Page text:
Botin Moves Away From Father’s Dealmaking With Customer PledgeMacarena Munoz and Charles Penty
For Banco Santander Chairman Ana Botin, big isn’t necessarily best.
Marking a shift from her father’s strategy that built on more than a decade of dealmaking frenzy, Botin, who replaced the late Emilio five months ago, is betting on boosting profit not by buying and selling businesses but by winning over customers.
As she makes expanding credit the key to growth for the euro-zone’s biggest bank, she says she’d be willing to link her own bonus to customer satisfaction.
“Earning the loyalty of our customers will be our top priority and the base of our strategy,” Botin, 54, said on a webcast for analysts as she presented her first annual earnings. “The best bank is not necessarily the largest,” she said, using the word “loyalty” a dozen times during her presentation.
Botin is trying to steer the lender into a new era following the death of her father, who made more than $70 billion of acquisitions. The stress on customer relationships is a reaction to a world of tighter banking regulation even if it sounds surprising coming from the head of one of Europe’s most acquisitive banks, said Peter Hahn, a lecturer at Cass Business School in London.
“It’s becoming a lot more difficult to do acquisitions for the big banks and the answer is to focus on what they do best and they can do it better,” said Hahn by phone. “The days of empire-building are on hold.”
In response to a reporter’s question, Botin said she’d be happy to have her bonus linked to customer satisfaction surveys. At Santander’s U.K. unit, “nobody would get a bonus if customers were not satisfied according to our metrics,” she had earlier told analysts.
Botin earned variable pay of 2.2 million euros out of total compensation of 4.84 million euros in 2013, according to company filings.
Santander’s relationships with its clients haven’t always been easy.
Santander’s Brazilian unit, the unit that with the U.K. contributes most to the group’s profit, had the second-worst score in a Brazilian central bank ranking of customer complaints in the second half of 2014, according to regulator’s website.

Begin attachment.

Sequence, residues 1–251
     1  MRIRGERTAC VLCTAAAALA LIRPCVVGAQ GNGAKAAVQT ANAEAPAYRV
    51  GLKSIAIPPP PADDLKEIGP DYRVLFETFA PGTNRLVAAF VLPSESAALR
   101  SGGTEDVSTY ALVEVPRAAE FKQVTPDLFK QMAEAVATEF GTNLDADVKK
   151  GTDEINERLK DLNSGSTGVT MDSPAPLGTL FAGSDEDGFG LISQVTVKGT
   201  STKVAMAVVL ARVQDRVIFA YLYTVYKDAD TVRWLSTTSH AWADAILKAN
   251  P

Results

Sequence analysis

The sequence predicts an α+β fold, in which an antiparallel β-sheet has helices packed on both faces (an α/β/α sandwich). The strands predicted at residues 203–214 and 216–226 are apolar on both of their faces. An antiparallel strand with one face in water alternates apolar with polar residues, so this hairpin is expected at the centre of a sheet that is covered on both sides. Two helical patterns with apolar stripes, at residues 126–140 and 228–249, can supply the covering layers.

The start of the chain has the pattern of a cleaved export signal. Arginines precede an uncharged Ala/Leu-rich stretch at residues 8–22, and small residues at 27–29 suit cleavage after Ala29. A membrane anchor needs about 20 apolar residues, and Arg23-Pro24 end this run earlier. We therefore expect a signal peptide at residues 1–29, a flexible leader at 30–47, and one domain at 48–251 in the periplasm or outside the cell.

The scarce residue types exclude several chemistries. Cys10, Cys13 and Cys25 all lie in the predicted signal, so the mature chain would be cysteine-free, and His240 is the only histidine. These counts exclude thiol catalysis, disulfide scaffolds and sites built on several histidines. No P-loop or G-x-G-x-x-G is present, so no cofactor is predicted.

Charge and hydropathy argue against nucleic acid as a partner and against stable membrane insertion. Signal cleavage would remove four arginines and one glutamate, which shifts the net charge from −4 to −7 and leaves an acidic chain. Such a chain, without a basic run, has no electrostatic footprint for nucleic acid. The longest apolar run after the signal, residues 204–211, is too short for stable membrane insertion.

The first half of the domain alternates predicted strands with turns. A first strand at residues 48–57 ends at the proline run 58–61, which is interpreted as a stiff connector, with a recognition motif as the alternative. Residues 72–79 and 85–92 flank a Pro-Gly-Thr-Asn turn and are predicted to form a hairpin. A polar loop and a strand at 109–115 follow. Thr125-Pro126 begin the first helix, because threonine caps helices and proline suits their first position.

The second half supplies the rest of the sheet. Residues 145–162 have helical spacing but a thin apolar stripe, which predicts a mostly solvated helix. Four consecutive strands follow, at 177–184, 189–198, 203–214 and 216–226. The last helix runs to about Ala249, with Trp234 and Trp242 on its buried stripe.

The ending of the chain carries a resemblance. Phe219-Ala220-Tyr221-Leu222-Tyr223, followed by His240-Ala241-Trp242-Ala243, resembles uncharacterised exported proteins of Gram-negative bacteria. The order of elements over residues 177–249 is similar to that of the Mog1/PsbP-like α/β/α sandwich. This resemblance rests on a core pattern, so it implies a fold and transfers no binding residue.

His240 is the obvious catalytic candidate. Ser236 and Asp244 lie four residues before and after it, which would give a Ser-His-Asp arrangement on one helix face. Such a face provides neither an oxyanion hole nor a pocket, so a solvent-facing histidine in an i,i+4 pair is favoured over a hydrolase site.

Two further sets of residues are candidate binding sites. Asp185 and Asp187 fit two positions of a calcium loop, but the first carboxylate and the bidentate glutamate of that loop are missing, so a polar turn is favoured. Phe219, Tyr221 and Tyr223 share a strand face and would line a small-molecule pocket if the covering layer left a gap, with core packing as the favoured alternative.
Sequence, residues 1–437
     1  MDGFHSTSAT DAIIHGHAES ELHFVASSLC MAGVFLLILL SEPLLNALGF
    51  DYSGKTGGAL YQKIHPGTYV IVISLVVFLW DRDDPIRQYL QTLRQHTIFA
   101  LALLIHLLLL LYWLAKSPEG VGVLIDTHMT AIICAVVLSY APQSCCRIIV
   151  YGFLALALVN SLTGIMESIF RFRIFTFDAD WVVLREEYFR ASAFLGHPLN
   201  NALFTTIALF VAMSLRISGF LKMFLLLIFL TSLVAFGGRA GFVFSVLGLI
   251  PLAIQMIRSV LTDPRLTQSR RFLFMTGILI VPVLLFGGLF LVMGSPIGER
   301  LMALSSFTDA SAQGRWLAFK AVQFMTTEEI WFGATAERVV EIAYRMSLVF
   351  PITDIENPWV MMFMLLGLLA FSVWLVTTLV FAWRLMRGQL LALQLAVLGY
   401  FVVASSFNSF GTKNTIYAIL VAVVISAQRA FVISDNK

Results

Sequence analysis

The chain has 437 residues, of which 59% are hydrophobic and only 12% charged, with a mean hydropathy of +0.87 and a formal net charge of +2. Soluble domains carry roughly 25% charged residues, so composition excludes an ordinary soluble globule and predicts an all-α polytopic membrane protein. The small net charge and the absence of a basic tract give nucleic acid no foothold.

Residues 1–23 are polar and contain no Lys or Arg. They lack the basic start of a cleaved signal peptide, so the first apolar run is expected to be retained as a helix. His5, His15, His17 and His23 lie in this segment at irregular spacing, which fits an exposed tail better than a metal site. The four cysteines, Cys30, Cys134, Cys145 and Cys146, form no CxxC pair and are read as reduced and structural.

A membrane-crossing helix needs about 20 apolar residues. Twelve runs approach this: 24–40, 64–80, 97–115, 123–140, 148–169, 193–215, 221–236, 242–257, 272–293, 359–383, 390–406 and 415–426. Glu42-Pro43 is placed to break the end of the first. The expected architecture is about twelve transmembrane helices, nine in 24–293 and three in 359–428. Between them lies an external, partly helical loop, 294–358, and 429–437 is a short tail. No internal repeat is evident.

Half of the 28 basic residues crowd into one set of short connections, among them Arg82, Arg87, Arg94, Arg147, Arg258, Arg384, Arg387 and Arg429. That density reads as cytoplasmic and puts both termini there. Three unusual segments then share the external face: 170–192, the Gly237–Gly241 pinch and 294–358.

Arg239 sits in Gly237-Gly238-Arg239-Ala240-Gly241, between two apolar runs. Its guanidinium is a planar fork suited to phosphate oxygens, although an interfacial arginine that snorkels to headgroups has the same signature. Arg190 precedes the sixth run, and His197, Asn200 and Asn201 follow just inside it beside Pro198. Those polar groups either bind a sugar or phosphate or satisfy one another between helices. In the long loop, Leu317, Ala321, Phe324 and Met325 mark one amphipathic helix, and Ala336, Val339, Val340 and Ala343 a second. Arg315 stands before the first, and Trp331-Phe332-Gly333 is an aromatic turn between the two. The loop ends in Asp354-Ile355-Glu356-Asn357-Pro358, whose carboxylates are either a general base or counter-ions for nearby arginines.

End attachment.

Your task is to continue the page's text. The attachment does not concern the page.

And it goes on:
A year ago, Spain’s markets regulator fined the bank almost 17 million euros over “serious” failings over the way it sold 7 billion euros of convertible bonds in 2007 to retail clients to fund its purchase of ABN Amro NV’s Brazilian unit. Santander’s U.K. unit was dubbed Britain’s “most-complained-about bank” in 2010 by Which?, a consumer magazine.
The bank came 11th out of 30 in a Which? survey of the best and worst U.K. financial brands last September, scoring better than other high street banks such as Barclays Plc, Lloyds Banking Group Plc and Royal Bank of Scotland Group Plc.
Santander wants to increase the number of consumers who use it as their main bank by 40 percent to 17 million by 2017, the lender said today.
By taking advantage of its “unique opportunity” to increase the number of loyal clients in its main markets of Spain, the U.K., Brazil and Mexico, Botin said Santander could add up to 3 billion euros of gross income. The bank earned 42.6 billion euros in 2014.
“Just to be clear, we define loyalty in this group measure as a retail customer who has a primary banking relationship with Santander, and these are the four markets where we expect the biggest growth in loyal customers,” said Botin.
Botin’s new stress on customer relationships makes sense, said Peter Braendle, who manages about 400 million euros of European stocks, including Santander shares, at Swisscanto Asset Management in Zurich.
“In the good old days, acquisition-making was a mostly successful strategy but in this new environment of capital restraints, even Santander has had to figure out that they need a change in strategy,” said Braendle by phone.
Following the sudden death of her father Emilio in September, Botin has been stamping her vision on the bank by raising capital and reshaping top management.
In November, Botin removed Javier Marin, her father’s choice as chief executive officer. In January, she raised 7.5 billion euros in a share sale to raise capital that her father had insisted the bank didn’t need.
“I want the way we do things to be different,” she told reporters.
Santander is not alone in trying to make customers transact more business with it because their traditional banking business is being reduced due to low interest rates, said Arturo Bris, a professor at the Lausanne-based IMD business school.
“All banks are saying this, but few know how to do it,” said Bris. “It is a global trend because banks can’t earn money based on the price of products they offer to clients.”